Reading for Saturday 27/09 – 5.8

It’s back to Bald Hills again and to the Bolkonsky mansion.  Rather amusingly, old Bolkonsky has been made one of the heads of the local militia that is being raised to fight the French.  (Well, it is rather amusing as long as you weren’t one of these subordinates to whom he is described as being “severe to [the point of] cruelty”.

However, this chapter is mainly an interesting glance back into Andrei’s world to see what has become of him since losing his wife.  He’s sunk back into his old gloom and pessimism again.  However, he doesn’t really find joy anywhere now.  Previously, he looked to the battlefield to give glory and fame – and that was where he hoped to find his satisfaction.

But his near-death experience has embittered him, and now he doesn’t want to fight, but feels useless otherwise.  (Note the reaction to his dad’s letter.)

Then, on top of this, he has the worrying problem of his son’s fever.  Anyone who’s had a baby can tell you that a baby feeling hot is a rather terrifying thing.  And I can only wonder how terrifying it would have been back in the days of the rather primitive medicine of 1807 (can you believe we’re now two years into the book?).

Every time my daughter has had a fever, it’s always been a pain, because you need to feed her some sort of medicine to get the temperature down, but the last thing a sick child wants to do is take any gross-tasting medicine . . . you can’t really win.

Anyway, this rather grim situation is interrupted by a letter from Bilibin, who you might remember as being the diplomat with the rather expressive wrinkles on his face that Andrei met when he was sent to deliver a message to the Austrian Emperor.  If you can’t remember him, don’t worry.  All you need to know is that he’s rather dry and cutting.  But you can enjoy all that tomorrow.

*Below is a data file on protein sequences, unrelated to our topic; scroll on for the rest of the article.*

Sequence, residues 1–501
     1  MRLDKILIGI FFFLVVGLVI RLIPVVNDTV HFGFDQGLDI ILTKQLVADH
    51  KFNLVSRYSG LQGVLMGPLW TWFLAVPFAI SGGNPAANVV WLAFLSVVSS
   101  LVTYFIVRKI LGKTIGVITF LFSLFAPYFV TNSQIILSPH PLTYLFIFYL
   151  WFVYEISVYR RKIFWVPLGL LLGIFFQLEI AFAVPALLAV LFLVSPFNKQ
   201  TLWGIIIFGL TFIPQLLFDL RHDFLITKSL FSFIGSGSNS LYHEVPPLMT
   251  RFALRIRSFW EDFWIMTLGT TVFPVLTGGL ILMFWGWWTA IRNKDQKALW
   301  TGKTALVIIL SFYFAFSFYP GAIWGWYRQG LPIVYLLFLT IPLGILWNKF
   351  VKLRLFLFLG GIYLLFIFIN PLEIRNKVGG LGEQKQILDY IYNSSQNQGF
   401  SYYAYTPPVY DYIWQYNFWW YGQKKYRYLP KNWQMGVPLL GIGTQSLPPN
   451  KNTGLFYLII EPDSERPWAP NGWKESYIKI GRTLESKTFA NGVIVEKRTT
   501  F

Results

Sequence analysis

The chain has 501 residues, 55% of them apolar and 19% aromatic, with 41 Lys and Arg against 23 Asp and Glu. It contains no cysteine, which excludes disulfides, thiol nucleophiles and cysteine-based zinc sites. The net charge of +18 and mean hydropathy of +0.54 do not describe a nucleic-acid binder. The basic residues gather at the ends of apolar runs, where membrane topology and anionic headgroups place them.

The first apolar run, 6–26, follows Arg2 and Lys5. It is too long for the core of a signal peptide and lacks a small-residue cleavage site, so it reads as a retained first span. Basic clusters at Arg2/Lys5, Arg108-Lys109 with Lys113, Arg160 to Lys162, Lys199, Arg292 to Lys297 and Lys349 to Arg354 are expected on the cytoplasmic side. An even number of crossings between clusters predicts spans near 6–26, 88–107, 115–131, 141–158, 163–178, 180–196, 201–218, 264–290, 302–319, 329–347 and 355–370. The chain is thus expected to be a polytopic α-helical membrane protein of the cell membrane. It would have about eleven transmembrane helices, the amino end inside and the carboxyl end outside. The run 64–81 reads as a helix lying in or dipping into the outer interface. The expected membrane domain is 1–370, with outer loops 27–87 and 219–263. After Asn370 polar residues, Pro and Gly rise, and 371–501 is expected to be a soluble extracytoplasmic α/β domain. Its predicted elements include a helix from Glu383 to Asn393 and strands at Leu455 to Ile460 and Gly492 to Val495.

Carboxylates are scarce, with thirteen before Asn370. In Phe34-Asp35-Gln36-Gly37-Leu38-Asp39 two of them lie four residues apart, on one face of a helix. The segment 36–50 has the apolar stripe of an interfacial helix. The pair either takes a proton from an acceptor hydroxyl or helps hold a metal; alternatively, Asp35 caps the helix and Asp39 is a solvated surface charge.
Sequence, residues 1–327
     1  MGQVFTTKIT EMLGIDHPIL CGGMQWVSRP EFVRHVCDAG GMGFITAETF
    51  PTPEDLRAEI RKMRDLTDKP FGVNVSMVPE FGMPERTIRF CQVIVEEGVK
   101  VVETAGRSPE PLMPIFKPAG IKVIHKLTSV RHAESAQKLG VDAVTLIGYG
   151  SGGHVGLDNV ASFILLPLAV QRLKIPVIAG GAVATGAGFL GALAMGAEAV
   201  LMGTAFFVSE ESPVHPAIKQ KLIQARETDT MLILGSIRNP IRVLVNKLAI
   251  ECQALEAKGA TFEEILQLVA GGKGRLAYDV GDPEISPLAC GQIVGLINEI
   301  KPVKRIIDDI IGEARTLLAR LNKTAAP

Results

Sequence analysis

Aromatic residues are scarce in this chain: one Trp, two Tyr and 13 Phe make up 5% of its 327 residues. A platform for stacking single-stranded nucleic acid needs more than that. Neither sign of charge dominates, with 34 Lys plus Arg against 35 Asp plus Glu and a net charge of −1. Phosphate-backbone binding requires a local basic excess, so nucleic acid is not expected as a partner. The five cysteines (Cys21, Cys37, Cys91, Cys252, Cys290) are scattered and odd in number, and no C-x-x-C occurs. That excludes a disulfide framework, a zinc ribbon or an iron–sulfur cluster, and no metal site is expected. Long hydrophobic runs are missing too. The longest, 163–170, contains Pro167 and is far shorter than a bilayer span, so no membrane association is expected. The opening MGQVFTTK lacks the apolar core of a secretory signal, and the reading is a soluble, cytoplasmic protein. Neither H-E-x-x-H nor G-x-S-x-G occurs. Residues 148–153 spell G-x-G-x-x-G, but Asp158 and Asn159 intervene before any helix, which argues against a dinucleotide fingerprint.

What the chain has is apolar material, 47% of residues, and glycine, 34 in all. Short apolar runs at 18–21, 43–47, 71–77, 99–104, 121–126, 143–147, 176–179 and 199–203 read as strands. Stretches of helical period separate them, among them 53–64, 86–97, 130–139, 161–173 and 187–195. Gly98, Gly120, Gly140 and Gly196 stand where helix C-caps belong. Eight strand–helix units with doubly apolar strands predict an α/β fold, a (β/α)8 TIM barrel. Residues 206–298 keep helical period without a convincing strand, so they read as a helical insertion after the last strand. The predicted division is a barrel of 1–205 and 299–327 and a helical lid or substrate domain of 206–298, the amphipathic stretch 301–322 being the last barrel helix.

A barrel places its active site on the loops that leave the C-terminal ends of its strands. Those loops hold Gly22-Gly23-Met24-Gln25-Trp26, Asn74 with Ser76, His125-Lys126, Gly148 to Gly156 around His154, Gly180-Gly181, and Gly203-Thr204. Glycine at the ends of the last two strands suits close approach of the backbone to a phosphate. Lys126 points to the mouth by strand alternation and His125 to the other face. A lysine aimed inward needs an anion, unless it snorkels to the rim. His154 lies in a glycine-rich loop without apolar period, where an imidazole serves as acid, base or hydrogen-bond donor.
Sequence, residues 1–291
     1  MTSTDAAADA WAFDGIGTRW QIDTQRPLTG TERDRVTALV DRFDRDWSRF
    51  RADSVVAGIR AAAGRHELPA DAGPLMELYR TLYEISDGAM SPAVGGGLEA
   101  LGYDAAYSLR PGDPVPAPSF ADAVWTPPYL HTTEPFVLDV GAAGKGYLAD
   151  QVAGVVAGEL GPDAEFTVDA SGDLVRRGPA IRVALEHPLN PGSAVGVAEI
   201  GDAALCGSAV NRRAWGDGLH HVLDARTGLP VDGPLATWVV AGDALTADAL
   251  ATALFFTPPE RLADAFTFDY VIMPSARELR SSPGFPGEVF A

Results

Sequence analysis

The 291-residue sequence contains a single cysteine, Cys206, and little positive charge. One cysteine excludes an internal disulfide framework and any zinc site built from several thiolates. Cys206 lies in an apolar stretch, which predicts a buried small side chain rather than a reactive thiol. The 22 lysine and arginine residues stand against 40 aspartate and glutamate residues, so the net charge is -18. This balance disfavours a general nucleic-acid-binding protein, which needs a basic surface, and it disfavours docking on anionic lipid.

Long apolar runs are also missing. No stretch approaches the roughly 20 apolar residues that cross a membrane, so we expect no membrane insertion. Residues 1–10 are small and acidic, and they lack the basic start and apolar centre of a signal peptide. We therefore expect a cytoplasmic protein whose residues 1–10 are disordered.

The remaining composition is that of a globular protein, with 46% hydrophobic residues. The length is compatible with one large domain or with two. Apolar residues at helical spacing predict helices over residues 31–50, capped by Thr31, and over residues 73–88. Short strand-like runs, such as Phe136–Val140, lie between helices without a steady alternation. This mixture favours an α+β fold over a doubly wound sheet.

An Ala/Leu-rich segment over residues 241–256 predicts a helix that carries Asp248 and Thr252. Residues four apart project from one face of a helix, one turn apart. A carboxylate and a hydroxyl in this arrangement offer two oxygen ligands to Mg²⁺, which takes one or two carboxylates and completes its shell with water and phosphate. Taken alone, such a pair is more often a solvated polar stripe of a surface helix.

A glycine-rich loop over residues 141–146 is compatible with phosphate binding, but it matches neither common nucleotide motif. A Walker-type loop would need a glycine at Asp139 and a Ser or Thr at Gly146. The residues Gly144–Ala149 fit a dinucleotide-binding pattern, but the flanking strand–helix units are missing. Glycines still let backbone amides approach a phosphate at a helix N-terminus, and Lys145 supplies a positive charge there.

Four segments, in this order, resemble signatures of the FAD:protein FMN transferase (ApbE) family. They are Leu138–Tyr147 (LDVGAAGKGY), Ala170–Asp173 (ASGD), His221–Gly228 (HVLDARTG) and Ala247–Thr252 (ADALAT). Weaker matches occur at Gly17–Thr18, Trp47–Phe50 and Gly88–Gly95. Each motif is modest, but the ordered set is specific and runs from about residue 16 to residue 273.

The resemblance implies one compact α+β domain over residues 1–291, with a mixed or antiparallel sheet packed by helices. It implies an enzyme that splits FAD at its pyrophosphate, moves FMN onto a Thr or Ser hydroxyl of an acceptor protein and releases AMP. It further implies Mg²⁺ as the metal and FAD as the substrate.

See you then!


2 thoughts on “One-Year War and Peace 5.8 – A Domestic Scene

  1. Here we go again, Matt … another copy and paste job from something I wrote a few days ago …

    Well I have to admit that, for me, the tears welled up yet again in this chapter. I just found something unspeakably poignant in that whole image of Andrei, sitting forlornly on the little infant chair in the nursery, pouring out his son’s medicine. How much he has changed since Austerlitz, when he felt ready to trade all his family for a moment of military glory! Now it’s the reverse and everything, even his father’s orders to the army, take a back seat to his little son’s health. This great hero, who was going to save the entire Russian army, has become so fragile and tender. And I think the pathos of the scene is made only all the more potent by the way Tolstoy describes the statue of the angel over Lise’s grave – and how Andrei sees in the angel’s face the same expression that he saw on the face of his dead wife. I don’t think the Andrei we met at the beginning of the book would have felt nor done any of this.

    I never cease to marvel at Tolstoy’s ability to describe these things in such simple, direct and unaffected ways. We don’t get paragraphs a florid language spelling out every nuance of Andrei’s emotions – but we still find ourselves somehow experiencing and feeling exactly what he is experiencing and feeling, just by a few simple images. I really can’t think of another writer who does that so well.

  2. Yes, this chapter is very sad . . . poor Andrei – just as we start seeing him as a really good caring human being, he starts losing it, becoming an eccentric worry-wart.

    Here are the characters I am adding to my count:

    Bennigsen –

    Bennigsen seems to have obtained a complete victory over Buonaparte at Eylau.

    Coachman –

    The coachman who had driven the old prince to town returned bringing papers and letters for Prince Andrew.

    Doctors (2)

    These last days, mistrusting their household doctor and expecting another for whom they had sent to town, they had been trying first one remedy and then another.

    Ivanich – Karl Ivanich –

    “Still the same. Wait, for heaven’s sake. Karl Ivanich always says that sleep is more important than anything,” whispered Princess Mary with a sigh.

    Khandrikov –

    I can’t make out what the commander at Korchevo- a certain Khandrikov- is up to; till now the additional men and provisions have not arrived.

    Korchevo –

    I can’t make out what the commander at Korchevo- a certain Khandrikov- is up to; till now the additional men and provisions have not arrived.

    Maid –

    He threw the mixture onto the floor and asked for some more water. The maid brought it.

    Petenka –
    Have received another letter about the Preussisch-Eylau battle from Petenka- he took part in it- and it’s all true.

    Petrusha, the valet . . .

    “If you please, your excellency, Petrusha has brought some papers,” said one of the nursemaids to Prince Andrew who was sitting on a child’s little chair while, frowning and with trembling hands, he poured drops from a medicine bottle into a wineglass half full of water.


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